Tax Credits vs Deductions
Not sure about the difference between a tax credit and a deduction?
Tax credits are a direct reduction of the income tax you owe, reducing the amount you need need to pay to the IRS. Tax credits can be refundable or nonrefundable, meaning that a nonrefundable credit can only reduce the amount of tax you owe to $0. Credits that are refundable (and there is only a few) will reduce the amount of tax you owe to $0, and the government will provide you a refund of the unused portion.
Quick Example: Say that you owe the IRS $1,200 in taxes, but you have a tax credit worth $1,500. The tax credit would cover the $1,200 that you owe and there would be $300 unused. Unless the credit was refundable, the IRS would keep that $300.
Common tax credits include:
American Opportunity Credit (AOC)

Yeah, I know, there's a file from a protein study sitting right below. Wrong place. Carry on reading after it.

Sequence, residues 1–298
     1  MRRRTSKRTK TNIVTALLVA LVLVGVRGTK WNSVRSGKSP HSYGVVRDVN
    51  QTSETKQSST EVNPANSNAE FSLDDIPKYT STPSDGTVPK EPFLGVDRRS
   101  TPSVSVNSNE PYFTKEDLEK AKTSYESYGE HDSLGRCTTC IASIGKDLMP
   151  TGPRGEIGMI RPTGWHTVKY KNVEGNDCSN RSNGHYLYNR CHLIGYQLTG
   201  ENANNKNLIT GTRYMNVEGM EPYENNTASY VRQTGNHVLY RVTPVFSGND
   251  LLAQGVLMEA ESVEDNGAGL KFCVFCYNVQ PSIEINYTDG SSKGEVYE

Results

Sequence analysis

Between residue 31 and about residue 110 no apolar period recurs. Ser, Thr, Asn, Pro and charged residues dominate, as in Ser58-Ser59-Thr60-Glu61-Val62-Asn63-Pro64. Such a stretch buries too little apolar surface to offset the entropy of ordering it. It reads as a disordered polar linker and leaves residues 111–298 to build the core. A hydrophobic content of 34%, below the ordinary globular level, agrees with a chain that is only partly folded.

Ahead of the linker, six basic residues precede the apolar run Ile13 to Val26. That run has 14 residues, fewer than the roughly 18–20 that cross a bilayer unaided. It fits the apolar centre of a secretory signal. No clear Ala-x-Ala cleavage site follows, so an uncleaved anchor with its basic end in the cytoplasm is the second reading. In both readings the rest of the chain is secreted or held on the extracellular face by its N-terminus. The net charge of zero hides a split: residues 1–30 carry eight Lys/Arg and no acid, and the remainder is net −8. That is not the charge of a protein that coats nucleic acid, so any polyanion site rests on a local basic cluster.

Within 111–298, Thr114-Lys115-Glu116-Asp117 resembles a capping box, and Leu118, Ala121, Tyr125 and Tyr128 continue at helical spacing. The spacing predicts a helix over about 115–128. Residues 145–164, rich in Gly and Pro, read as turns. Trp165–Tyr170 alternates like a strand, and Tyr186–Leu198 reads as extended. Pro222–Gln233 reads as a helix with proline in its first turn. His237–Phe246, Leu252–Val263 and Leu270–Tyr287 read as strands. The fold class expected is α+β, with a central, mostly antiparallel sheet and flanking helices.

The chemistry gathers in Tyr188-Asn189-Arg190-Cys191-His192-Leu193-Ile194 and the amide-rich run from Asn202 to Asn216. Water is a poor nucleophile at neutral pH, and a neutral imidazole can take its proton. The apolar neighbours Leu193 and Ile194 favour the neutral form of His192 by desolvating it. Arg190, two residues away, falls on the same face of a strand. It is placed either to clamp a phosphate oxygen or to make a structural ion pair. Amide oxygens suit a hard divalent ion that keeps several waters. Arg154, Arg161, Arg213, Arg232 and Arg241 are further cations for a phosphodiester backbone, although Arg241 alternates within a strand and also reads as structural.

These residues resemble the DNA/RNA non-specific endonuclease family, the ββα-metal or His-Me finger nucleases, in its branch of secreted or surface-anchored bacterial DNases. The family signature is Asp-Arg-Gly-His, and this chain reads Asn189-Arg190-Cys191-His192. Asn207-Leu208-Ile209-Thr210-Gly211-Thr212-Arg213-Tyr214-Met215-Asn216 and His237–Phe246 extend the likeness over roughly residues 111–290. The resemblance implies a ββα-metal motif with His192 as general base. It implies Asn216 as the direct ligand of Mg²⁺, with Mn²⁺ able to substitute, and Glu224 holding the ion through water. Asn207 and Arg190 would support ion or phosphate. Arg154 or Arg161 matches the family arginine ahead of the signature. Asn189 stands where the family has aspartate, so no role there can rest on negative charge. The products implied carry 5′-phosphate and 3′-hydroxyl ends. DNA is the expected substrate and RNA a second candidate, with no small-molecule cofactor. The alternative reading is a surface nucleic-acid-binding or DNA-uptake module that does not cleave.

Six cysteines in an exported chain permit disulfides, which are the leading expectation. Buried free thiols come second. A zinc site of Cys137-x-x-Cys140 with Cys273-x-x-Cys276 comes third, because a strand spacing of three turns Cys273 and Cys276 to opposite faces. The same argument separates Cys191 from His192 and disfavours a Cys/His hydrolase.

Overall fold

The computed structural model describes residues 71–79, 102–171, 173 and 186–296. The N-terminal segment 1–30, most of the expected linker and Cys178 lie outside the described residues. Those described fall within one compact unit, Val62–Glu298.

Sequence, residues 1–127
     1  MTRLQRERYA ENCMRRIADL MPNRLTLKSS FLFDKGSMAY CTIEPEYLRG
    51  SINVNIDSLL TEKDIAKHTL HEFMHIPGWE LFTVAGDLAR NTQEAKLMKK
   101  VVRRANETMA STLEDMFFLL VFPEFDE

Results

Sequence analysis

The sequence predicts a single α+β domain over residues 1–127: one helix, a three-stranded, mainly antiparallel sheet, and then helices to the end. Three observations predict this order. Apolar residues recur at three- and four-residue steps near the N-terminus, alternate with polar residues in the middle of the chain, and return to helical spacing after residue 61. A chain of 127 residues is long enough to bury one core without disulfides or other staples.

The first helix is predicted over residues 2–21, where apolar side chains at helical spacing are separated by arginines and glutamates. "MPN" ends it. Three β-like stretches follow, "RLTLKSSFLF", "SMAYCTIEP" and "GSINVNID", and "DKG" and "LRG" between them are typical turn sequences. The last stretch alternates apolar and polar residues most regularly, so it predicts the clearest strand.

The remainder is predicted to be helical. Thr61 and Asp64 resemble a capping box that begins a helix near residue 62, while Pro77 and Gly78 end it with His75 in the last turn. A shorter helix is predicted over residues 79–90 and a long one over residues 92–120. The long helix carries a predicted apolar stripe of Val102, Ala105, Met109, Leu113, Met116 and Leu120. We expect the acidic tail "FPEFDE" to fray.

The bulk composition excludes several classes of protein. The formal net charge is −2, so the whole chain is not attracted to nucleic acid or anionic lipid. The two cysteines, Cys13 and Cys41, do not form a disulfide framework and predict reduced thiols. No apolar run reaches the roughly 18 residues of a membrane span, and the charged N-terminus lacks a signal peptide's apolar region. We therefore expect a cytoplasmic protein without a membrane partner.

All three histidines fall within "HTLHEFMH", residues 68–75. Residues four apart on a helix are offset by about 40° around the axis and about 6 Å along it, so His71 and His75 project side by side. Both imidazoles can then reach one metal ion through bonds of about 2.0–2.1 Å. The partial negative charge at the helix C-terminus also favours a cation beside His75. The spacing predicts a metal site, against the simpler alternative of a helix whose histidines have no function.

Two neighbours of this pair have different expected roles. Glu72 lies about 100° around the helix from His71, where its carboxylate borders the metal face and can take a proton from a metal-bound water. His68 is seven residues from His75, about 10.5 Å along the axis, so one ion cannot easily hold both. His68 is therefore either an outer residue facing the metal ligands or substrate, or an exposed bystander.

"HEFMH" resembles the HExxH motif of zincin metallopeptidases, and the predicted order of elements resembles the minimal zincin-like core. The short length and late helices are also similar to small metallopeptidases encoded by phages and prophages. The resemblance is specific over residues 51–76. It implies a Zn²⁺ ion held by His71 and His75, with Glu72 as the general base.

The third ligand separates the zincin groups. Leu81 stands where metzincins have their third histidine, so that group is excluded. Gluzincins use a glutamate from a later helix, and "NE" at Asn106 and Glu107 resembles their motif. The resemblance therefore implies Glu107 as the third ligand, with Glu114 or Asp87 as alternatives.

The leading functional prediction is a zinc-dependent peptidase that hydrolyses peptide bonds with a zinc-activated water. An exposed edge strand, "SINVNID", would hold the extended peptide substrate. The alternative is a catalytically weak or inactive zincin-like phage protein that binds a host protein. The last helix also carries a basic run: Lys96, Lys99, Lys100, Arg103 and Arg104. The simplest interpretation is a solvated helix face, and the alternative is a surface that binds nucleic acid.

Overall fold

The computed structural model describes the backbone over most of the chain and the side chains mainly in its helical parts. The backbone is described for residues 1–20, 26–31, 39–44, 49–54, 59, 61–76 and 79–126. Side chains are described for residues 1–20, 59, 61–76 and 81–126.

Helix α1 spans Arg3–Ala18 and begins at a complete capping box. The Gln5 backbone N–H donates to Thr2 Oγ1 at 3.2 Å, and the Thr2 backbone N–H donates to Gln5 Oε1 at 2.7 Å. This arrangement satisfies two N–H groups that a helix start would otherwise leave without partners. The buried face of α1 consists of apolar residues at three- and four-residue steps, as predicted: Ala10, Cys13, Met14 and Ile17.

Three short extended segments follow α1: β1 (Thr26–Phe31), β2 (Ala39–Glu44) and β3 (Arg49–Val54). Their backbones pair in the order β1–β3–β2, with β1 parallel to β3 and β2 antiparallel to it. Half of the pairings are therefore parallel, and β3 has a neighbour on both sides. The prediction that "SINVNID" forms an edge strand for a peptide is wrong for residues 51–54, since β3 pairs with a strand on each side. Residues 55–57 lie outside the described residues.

Earned Income Credit (EIC)
Credit for Elderly and Disabled
Deductions are different, and reduce the amount of income you are taxed on. The two types of deductions are standard and itemized. Standard deductions are based on your age, income, and filing status while itemized deductions are based off of things like your home mortgage, medical expenses, and charitable giving.
Quick Example: You earned $75,000 in gross income this year. If you were filing as a single tax payer, you would take a standard deduction of $12,550, and you would only be taxed on $62,450.